Israel Political Parties: Ha'Tnuah
Ha'Tnuah ("The Movement," in Hebrew) is a center-left Zionist Israeli political party. Founded in November 2012 by former Foreign Minister Tzipi Livni, Ha'Tnuah members include many former Kadima and Labor party members dissatisfied with their parties, including Amram Mitzna, Amir Peretz, and Meir Sheetrit.
Livni, a foremost centrist leader in Israeli politics, left Kadima and formed Ha'Tnuah in order to "make Israel a country that embraces liberal and Zionist values."
Ha'Tnuah's platform is based around making peace with the Palestinians, social justice in Israel, environmental protection, military or national service for all citizens and religious pluralism. The party motto is: "For Israelis who seek a country that embraces harmony and respect as opposed to polarization; a peace process rather than intransigence, and hope rather than despair – Ha'Tnua constitutes a new political development whose time has come."
In Ha'Tnuah's first electoral cycle - the January 2013 elections - the party won just over 5% of the popular vote and was awarded 6 seats in the Knesset, making it the seventh largest political party in Israel.
On February 19, 2013, Livni held a joint press conference with Prime Minister Benjamin Netanyahu announcing that Ha'Tnuah would become the first party to join his coalition following the January 2013 elections. Livni was appointed as the incoming Justice Minister and was tapped to lead the Israeli peace negotiating team.
"Two-and-a-half months ago we established Ha'Tnuah with the intention of fighting for a peace deal," Livni said at the press conference. "Iran, Syria, the Palestinians are not less pressing than these domestic issues." Livni added a call for other parties to "set aside their campaigning" and join a wide Netanyahu-led coalition.
Tzipi Livni and her Ha'Tnuah party joined forces with Issac Herzog and the Labor party to run on a joint ticket titled the "Zionist Camp" ticket in the March 2015 elections. The two leaders agreed on a rotation system, should they be victorious, in which Herzog would serve as Prime Minister for the first two years of the term, followed by Livni. The day before the election, on March 16, 2015, Livni announced that the rotation schedule that she and Herzog had designed was going to be scrapped, in an apparent last minute attempt to gain swing votes. Political rivals lambasted the decision, saying that Livni and Herzog were “panicking”.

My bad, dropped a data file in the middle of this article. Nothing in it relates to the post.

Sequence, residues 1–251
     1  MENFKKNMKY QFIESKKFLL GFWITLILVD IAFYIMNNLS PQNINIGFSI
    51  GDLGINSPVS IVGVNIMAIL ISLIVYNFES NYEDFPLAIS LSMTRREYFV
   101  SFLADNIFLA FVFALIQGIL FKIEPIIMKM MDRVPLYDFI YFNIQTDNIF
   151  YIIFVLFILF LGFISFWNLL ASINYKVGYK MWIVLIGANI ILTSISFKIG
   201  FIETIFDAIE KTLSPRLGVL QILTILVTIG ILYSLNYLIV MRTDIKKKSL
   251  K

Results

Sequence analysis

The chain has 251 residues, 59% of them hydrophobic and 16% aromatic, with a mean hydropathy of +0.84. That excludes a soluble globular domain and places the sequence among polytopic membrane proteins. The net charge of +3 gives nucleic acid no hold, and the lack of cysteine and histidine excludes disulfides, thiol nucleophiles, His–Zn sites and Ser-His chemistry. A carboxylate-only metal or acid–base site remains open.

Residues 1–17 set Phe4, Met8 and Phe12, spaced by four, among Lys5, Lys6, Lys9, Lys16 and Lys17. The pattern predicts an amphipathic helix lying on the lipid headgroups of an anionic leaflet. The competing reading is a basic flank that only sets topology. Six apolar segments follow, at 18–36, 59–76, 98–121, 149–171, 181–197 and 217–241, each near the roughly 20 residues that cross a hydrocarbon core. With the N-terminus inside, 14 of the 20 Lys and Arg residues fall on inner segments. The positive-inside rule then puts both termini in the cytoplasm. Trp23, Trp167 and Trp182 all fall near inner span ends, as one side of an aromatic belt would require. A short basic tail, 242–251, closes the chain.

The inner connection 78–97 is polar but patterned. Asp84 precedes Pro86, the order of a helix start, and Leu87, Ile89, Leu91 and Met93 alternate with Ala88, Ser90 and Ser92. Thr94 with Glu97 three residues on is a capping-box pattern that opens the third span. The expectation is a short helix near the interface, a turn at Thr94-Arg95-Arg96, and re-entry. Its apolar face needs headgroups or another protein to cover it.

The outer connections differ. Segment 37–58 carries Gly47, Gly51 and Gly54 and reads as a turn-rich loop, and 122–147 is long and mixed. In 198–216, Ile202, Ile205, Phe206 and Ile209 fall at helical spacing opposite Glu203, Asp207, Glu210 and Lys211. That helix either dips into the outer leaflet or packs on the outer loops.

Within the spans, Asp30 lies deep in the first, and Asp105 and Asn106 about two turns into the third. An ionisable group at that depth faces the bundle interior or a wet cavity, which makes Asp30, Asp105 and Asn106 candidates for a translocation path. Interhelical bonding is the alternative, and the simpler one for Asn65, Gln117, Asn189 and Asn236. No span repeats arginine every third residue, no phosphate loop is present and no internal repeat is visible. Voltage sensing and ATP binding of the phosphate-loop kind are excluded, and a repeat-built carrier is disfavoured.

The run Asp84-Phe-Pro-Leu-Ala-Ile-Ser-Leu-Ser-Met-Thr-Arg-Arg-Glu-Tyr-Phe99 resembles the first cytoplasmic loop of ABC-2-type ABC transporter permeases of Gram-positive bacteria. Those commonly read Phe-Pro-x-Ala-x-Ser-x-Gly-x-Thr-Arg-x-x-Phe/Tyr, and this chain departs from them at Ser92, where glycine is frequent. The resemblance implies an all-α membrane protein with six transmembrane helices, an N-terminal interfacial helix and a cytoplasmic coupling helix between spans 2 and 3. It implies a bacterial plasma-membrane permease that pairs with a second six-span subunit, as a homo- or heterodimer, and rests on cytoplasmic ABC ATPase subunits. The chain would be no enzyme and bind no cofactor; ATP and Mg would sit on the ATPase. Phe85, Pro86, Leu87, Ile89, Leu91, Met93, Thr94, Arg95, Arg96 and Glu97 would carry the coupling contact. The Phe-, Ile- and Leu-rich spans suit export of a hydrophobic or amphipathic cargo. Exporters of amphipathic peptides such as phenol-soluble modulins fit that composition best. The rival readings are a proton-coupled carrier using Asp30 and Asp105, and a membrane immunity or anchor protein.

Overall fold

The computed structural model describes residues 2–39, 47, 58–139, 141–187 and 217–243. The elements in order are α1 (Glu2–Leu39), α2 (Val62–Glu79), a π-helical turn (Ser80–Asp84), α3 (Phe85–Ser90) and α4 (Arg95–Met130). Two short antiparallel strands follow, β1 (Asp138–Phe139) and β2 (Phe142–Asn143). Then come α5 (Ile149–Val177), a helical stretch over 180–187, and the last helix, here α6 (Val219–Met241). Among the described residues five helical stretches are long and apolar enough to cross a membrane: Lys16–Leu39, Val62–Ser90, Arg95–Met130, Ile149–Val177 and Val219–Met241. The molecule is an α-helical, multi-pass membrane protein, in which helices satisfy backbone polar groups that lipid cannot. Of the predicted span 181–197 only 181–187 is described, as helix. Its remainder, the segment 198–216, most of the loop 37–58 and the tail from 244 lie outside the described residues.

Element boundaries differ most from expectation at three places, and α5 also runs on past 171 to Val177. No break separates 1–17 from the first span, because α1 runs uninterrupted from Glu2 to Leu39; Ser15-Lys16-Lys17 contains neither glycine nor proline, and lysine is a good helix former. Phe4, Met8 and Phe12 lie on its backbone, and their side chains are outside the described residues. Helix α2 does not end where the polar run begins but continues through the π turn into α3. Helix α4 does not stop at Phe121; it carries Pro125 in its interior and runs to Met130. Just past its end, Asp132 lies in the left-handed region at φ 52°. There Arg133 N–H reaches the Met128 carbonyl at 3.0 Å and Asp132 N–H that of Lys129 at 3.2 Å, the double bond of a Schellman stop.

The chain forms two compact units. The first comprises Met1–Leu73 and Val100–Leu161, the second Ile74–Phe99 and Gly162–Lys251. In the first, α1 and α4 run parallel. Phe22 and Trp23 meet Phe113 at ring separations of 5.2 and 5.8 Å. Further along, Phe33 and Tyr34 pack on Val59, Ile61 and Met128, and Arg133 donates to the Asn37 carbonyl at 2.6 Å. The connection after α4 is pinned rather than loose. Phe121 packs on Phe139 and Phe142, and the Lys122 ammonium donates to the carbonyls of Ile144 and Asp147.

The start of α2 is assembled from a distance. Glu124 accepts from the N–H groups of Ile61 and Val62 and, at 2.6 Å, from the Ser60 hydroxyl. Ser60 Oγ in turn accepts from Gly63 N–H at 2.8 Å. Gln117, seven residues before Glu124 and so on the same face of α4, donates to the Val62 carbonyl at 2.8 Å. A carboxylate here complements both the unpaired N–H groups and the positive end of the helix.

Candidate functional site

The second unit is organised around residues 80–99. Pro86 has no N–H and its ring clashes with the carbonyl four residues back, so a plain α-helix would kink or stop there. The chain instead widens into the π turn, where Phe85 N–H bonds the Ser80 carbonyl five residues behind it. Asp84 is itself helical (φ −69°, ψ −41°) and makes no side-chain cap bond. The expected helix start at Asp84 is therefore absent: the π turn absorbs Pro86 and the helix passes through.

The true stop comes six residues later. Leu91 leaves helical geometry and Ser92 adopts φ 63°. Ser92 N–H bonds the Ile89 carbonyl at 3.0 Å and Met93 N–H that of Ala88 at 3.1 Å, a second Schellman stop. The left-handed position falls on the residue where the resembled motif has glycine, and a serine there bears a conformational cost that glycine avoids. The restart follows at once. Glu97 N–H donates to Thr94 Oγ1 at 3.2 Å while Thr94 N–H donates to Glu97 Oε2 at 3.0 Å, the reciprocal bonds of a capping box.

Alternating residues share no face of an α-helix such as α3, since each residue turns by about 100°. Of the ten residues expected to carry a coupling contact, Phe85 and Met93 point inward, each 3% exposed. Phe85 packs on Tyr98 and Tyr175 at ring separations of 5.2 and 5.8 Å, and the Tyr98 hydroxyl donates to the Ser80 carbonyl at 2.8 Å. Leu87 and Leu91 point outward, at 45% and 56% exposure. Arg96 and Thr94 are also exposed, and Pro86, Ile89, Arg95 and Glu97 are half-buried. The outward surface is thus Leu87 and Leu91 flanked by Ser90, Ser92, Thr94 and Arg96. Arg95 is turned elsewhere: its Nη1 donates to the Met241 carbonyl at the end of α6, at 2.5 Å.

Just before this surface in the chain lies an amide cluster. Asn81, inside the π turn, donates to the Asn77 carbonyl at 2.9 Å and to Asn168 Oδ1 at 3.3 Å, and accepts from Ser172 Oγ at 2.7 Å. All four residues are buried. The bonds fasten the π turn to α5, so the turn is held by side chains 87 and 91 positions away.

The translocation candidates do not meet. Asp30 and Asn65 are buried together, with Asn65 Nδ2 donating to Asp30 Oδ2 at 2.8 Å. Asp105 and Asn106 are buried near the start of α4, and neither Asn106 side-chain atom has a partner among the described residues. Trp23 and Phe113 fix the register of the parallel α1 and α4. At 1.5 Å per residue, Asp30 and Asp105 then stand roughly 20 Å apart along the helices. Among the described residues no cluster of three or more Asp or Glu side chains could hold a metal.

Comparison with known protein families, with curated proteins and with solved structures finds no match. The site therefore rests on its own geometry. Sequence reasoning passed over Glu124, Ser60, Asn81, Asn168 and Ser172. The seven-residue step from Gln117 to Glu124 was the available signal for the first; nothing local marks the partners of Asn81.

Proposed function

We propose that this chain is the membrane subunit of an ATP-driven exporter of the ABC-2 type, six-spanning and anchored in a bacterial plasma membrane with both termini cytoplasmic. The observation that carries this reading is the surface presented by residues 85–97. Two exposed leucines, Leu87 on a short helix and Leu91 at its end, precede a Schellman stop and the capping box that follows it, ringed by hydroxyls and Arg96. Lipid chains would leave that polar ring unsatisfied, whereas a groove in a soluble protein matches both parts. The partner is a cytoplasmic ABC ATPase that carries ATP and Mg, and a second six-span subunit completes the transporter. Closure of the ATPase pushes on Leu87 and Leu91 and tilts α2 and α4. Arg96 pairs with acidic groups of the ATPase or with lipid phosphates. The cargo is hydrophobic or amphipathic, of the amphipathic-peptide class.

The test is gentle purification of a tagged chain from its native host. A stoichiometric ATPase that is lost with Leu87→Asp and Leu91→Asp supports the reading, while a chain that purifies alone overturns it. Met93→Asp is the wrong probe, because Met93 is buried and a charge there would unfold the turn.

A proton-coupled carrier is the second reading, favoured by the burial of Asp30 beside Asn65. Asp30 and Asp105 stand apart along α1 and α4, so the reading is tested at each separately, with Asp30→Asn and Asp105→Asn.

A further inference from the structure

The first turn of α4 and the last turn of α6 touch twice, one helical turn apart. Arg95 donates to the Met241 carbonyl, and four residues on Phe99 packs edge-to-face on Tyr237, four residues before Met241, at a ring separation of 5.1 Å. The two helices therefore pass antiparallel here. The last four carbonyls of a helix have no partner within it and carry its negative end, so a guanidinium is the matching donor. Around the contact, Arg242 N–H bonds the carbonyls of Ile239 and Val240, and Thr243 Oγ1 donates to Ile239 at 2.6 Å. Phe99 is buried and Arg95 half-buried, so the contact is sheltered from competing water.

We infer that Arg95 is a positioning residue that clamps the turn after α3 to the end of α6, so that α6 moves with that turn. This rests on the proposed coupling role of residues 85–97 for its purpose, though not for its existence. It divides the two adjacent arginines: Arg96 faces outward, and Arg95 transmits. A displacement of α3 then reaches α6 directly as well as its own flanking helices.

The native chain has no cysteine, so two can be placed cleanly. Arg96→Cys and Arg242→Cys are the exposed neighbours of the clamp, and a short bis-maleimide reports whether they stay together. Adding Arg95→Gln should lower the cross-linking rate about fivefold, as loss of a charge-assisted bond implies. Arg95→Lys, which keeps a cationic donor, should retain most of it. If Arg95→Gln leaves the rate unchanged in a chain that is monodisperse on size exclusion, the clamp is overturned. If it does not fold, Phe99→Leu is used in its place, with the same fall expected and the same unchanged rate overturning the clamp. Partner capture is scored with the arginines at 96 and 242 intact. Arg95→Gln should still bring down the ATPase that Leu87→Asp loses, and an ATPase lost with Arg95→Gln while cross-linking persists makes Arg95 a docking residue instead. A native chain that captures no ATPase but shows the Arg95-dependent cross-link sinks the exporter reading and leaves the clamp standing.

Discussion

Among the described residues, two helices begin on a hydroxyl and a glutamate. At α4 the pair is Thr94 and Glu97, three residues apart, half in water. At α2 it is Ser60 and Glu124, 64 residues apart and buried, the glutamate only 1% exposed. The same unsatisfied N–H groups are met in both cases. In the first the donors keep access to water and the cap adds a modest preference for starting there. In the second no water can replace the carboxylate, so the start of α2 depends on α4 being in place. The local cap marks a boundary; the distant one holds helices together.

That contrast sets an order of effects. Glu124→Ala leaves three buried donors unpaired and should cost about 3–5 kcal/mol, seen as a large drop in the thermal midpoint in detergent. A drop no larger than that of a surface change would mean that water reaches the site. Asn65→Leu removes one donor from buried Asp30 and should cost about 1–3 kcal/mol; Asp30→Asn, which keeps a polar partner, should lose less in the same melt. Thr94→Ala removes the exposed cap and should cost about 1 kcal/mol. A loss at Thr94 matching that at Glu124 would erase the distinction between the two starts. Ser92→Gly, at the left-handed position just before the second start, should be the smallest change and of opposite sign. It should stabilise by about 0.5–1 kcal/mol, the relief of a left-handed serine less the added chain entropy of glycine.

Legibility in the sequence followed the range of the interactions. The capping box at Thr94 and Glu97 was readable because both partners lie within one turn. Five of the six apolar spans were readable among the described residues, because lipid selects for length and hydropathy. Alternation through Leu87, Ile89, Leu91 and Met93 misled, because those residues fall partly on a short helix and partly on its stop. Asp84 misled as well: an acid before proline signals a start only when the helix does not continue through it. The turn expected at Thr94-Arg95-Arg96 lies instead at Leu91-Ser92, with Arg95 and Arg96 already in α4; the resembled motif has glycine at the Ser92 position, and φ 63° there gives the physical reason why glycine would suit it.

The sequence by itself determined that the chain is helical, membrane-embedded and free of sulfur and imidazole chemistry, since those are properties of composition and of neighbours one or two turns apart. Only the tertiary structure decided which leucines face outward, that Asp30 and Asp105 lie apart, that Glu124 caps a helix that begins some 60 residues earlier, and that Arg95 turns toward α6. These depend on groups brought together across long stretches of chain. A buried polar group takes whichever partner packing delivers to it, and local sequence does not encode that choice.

Netanyahu's lawyer, attorney David Shimron, and Likud's Youth chairman, David Shain, accused the "Zionist Camp" ticket of systematically violating multiple Israeli election laws on February 5. They accused the Labor and Ha'Tnuah parties of "raising money, engaging in organizational coordination and engaging in propaganda," and stated that the Zionist Camp ticket "is encouraging people to vote against Likud – in other words, it is engaging in forbidden propaganda." The complaint alleges that the party has been illegally using millions of Shekels that have been coming from NGO's and has been submitted to the Central Elections Committee, who will decide if the claims have any validity. Included in the complaint are accusations that the Labor and Ha'Tnuah parties "attempted to buy power with money... millions of dollars that come from leftists abroad are being funneled to finance the campaign to topple Benjamin Netanyahu and Likud." The Zionist Camp has denied these accusations.
Polls in the week leading up to the election put the Labor/Ha'Tnuah Zionist Camp ticket slightly ahead of Netanyahu's Likud party, winning a predicted 25 or 26 seats to Likud's predicted 21 or 22.
On March 18, 2015, the final election results came in and it was revealed that Netanyahu and his Likud party had beaten the Zionist Union ticket of Livni and Herzog. The Zionist Union ticket received enough votes for 24 out of 120 seats in the 20th Knesset, coming in second place.
Sources: Ha'Tnuah Official Site; Jerusalem Post (February 19, 2013); Haaretz (February 5, 2015); Politico (March 15, 2015)